To make his conception of modernity more concise, Foucault pointed to its characterization as a consciousness of the discontinuity of time: "a break with tradition, a feeling of novelty, or vertigo in the face of the passing moment," and he quoted Baudelaire's definition of modernity: "the ephemeral, the fleeting, the contingent, the half of art whose other half is the eternal and the immutable." Foucault commented that, for Baudelaire,
being modern does not lie in accepting this perpetual movement; on the contrary, it lies in adopting a certain attitude with respect to this movement; and this deliberate, difficult attitude consists in recapturing something eternal that is not beyond the present instant, nor behind it, but within it ..; modernity is the attitude that makes it possible to grasp the "heroic" aspect of the present moment. Modernity is not a phenomenon of sensitivity to the fleeting present; it is the will to "heroize" the present.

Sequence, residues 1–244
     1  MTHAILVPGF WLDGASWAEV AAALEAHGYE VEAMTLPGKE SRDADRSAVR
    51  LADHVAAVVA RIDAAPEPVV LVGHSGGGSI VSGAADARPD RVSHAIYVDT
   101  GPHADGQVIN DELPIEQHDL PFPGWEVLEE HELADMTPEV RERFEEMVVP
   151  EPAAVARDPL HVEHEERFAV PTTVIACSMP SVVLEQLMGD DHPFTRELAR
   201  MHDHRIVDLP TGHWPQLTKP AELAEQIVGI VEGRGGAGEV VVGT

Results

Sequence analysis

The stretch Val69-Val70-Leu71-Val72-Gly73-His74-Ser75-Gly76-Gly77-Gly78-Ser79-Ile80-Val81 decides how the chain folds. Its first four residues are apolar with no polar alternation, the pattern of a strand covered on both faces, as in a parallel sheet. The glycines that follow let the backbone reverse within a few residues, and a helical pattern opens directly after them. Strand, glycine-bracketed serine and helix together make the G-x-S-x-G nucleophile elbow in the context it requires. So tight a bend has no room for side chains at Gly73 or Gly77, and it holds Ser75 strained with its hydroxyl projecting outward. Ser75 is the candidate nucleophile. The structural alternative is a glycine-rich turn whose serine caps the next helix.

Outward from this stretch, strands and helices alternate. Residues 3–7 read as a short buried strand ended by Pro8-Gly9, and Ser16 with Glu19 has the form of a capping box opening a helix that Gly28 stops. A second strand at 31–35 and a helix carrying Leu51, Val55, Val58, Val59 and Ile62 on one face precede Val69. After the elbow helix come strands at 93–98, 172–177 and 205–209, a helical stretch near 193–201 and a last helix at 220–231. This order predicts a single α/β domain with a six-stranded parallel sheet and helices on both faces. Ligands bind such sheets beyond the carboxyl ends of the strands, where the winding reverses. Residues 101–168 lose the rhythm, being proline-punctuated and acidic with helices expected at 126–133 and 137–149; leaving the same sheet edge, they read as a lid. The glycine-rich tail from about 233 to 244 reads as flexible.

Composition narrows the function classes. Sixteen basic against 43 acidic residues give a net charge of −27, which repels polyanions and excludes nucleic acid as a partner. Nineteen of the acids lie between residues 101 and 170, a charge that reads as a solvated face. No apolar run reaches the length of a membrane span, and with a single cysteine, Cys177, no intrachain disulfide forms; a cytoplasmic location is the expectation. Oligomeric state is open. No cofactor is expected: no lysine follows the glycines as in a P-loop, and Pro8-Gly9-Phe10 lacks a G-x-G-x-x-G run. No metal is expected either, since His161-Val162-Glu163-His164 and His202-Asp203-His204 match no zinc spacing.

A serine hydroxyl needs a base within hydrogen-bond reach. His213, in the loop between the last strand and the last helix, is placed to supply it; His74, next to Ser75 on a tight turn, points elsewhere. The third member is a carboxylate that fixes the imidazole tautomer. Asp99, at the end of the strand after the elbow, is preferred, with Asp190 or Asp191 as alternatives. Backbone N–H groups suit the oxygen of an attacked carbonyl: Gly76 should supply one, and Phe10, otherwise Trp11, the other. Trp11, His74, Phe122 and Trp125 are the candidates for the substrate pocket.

For Baudelaire, modernity was a mode of relationship that has to be established with oneself. Modern man dedicates himself to asceticism and commits himself to a discipline whereby he does not go off to discover himself, but instead tries to invent himself. "Modernity does not 'liberate man in his own being'; it compels him to face the task of producing himself ... But Baudelaire did not imagine that this heroization of the present and ascetic elaboration of the self had any place in society itself, or in the body politic. They can only be produced in another, a different place, which Baudelaire calls art."